By Laura Meckler
Move to Ease Deportations Could Be Put Off Until After Democrats’ Fight to Retain Senate
Republicans say Mr. Obama would exceed his legal authority by acting without congressional approval, and several Democrats running in conservative states have urged him in recent weeks not to act on his own. Now, White House officials are debating whether to put off some or all of his new policy until after the November election, in which control of the Senate is at stake, according to people familiar with the discussions.
The internal debate comes as the White House has received good news on what has been a major immigration problem: Government figures show the summer surge in unaccompanied children illegally crossing the Southwest border has significantly slowed.
During the first 25 days of August, an average of 104 unaccompanied minors have been apprehended each day trying to illegally cross the Southwest border. That is less than a third the rate recorded in May and June, when about 350 children were being caught daily, according to new data from the Department of Homeland Security.
The daily rate of unaccompanied-minor apprehensions is now lower than it has been in any month since early 2013, well before the surge in child migrants began. Some 2,604 unaccompanied minors were apprehended in the first 25 days of August, far less than the more than 10,000 in May and June. The falloff reflects fewer attempted crossings.
As a result, the Department of Health and Human Services is no longer looking for places to open temporary shelters, a scramble that had set off controversies in communities across the country. In addition, the agency is no longer housing children at three military bases that had been set up for temporary use.
The drop in apprehensions theoretically could give Mr. Obama more freedom to pursue the expansive changes to immigration policy that he is now considering. If the border-crossing numbers had remained as high as they were in June, Mr. Obama might have found it harder to ease deportation rules.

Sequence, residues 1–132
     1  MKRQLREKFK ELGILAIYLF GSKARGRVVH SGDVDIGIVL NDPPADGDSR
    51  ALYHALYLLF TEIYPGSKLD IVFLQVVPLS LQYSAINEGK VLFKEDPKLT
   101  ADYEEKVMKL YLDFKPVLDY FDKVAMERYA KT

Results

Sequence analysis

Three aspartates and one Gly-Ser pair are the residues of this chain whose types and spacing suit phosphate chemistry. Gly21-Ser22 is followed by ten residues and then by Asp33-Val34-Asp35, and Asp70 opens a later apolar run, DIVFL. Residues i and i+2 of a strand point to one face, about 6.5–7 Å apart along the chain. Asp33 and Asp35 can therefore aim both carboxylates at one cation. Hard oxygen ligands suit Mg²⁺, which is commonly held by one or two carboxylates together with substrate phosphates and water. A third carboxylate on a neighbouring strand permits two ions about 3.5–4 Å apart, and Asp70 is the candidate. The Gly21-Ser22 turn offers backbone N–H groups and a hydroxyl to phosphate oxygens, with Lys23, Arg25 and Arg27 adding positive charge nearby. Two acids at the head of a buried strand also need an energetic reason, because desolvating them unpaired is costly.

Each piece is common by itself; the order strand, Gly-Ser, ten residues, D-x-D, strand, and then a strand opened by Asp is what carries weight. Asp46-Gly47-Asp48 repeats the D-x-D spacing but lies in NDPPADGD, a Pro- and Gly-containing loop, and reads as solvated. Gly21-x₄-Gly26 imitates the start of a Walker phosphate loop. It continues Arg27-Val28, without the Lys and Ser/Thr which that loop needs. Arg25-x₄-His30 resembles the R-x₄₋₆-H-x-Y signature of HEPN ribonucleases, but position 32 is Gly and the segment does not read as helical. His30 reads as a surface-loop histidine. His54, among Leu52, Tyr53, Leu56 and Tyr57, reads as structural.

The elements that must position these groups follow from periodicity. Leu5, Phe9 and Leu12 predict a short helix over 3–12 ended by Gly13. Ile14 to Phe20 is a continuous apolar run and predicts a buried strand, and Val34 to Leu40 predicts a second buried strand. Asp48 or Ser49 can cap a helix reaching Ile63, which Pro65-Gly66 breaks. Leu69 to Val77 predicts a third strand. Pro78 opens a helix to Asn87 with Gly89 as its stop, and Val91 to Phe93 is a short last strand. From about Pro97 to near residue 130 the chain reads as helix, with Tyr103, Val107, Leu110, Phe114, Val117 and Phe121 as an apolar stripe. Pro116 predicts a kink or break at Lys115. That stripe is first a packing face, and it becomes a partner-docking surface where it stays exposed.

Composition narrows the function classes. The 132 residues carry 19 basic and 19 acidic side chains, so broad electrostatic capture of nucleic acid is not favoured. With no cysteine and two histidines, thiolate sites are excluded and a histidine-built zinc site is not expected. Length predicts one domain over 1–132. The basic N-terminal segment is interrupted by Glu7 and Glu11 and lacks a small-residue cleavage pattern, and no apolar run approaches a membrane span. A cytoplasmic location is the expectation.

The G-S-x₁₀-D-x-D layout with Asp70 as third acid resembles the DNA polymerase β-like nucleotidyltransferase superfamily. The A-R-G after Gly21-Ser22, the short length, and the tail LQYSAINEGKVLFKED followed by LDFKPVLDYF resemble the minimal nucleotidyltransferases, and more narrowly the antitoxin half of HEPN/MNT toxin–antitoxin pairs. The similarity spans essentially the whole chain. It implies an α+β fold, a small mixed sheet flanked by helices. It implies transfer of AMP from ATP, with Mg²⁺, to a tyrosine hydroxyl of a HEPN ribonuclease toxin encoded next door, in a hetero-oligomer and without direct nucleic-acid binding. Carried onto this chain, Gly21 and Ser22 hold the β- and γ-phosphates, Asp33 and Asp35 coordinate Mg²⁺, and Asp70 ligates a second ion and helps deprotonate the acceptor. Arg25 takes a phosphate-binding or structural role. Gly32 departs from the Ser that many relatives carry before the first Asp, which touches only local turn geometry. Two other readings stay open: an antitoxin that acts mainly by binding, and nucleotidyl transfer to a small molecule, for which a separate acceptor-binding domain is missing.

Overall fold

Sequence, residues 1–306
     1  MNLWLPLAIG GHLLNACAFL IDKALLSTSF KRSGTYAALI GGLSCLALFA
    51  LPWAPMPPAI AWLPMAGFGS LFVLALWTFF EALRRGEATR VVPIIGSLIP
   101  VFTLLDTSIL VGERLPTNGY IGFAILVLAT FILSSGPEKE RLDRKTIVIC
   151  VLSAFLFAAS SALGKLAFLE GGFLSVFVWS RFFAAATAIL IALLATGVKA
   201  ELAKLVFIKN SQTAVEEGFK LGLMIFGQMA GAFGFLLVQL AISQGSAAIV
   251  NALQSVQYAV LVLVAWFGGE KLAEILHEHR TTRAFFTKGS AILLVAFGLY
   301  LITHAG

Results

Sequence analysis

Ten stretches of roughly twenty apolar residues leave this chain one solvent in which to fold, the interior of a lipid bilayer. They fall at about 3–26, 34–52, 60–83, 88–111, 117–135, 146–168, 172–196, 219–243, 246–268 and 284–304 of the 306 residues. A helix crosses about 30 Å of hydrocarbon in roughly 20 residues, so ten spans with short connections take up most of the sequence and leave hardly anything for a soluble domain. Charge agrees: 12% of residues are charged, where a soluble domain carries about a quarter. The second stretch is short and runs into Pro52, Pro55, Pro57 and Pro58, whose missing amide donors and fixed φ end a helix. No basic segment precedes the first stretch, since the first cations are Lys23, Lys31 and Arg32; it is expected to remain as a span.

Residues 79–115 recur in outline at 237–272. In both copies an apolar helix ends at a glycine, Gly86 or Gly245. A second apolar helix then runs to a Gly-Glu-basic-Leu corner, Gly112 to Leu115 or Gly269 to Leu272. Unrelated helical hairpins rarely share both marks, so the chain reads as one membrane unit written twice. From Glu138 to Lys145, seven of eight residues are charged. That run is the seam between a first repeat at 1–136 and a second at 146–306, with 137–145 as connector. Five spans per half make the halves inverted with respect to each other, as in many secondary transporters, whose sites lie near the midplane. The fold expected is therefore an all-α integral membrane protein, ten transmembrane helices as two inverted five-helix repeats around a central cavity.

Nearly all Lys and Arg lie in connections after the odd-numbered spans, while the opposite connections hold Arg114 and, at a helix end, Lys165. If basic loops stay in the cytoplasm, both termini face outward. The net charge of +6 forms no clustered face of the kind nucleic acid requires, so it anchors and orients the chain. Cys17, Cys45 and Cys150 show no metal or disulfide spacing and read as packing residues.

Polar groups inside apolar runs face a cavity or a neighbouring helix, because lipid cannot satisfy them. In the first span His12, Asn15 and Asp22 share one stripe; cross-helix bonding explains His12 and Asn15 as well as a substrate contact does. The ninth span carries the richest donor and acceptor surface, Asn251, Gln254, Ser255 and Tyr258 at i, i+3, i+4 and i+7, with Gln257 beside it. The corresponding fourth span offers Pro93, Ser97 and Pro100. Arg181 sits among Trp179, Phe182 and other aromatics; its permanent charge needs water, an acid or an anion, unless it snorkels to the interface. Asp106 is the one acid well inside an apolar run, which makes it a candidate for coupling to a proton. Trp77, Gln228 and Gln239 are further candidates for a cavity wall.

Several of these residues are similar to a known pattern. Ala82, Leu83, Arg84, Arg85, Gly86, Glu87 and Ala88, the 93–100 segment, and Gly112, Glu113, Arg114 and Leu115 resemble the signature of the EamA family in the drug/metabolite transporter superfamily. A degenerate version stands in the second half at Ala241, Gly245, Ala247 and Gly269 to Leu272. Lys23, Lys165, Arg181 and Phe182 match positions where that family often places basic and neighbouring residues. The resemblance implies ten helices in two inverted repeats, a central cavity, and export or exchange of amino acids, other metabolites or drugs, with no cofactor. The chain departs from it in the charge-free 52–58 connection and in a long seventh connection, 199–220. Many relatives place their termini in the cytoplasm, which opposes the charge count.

But even with the numbers falling, the White House is considering holding off on all or perhaps just part of the executive action, at least until after the election.
Democratic Sens. Mark Pryor in Arkansas, Kay Hagan in North Carolina, Mark Begich in Alaska and Jeanne Shaheen in New Hampshire, all in tough re-election races, have said immigration should be addressed by Congress, not the White House.
At a news conference on Thursday, Mr. Obama signaled that his timeline was unclear. Asked whether he was thinking of delaying an announcement, he suggested that the child-migration situation could affect his timing. “Some of these things do affect timelines, and we’re just going to be working through as systematically as possible in order to get this done,” he said.
Mr. Obama faces intense pressure from immigrant-rights advocates to move forward as planned. He already has pushed back his timeline for taking executive action once this year.
Frank Sharry, executive director of the pro-immigration group America’s Voice, said that “if the president bows to Democratic pressure to back off his commitment to taking executive action in the coming weeks,” then the party would appear “weak-kneed,” and Mr. Obama will have promised “more than he delivers.”
Brad Dayspring, spokesman for the National Republican Senatorial Committee, said Mr. Obama’s executive action on immigration would be unpopular no matter when he made it. “Whether President Obama declares executive amnesty in September, October or November, he has neither the legal authority nor the public support to do it,” he said.
In addition to scaling back deportations, Mr. Obama is also considering changes requested by business groups to make more visas available for legal immigration, people familiar with White House deliberations have said.
One person familiar with the White House conversations said it is almost certain that Mr. Obama will expand a program that now gives work permits to certain young people who were brought to the U.S. as children. How many people would benefit depends on several conditions not yet set, such as the length of time someone must have lived in the country to qualify.
Large numbers of minors had been crossing the border this summer, driven in part by gang violence and economic hardship in Central American countries. Officials are not certain why the number has fallen.
Some point to an intense effort to communicate to Central Americans, who account for the bulk of the migrants, that minors who arrive here illegally will not be given permission to stay. In addition, the Mexican government has increased border security on its southern border, an effort to stop migrants earlier in their journey north.
“The situation at the border remains fluid,” said Kenneth Wolfe, a spokesman for the Department of Health and Human Services. “It is too early to tell whether these trends will be sustained over time.”